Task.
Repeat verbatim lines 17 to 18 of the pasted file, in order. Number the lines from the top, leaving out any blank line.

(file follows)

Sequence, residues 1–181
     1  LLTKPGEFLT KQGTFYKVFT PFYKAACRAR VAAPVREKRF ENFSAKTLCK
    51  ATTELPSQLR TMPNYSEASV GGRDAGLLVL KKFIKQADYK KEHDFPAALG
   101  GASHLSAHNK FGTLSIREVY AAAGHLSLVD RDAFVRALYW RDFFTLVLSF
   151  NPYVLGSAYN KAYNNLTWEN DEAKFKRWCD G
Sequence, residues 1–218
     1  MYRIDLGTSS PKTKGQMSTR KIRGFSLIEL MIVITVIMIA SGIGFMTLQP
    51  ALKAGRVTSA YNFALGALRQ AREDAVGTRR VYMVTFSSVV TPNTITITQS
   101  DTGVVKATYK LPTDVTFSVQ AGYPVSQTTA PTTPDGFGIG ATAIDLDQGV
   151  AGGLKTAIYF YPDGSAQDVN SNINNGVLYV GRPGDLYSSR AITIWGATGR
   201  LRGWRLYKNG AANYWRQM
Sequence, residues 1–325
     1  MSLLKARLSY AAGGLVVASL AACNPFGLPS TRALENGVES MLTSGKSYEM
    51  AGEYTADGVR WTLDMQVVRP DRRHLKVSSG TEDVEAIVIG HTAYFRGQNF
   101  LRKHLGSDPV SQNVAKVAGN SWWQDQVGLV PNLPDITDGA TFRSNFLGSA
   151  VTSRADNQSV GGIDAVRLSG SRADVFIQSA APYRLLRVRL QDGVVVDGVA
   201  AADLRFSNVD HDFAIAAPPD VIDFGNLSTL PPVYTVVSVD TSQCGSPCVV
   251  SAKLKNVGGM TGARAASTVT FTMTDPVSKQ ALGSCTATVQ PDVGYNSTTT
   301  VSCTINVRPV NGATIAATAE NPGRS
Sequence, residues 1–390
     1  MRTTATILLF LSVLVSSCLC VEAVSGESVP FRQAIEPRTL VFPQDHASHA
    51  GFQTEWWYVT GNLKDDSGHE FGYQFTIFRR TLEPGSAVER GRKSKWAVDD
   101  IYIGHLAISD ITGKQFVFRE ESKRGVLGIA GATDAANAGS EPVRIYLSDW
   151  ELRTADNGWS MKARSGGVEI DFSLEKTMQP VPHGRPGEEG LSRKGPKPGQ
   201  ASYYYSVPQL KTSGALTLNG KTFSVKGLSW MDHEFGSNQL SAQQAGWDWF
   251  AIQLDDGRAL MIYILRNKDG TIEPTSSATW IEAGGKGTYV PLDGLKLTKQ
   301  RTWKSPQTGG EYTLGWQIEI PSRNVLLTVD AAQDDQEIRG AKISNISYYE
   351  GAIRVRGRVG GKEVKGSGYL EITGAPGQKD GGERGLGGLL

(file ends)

   201  AADLRFSNVD HDFAIAAPPD VIDFGNLSTL PPVYTVVSVD TSQCGSPCVV
   251  SAKLKNVGGM TGARAASTVT FTMTDPVSKQ ALGSCTATVQ PDVGYNSTTT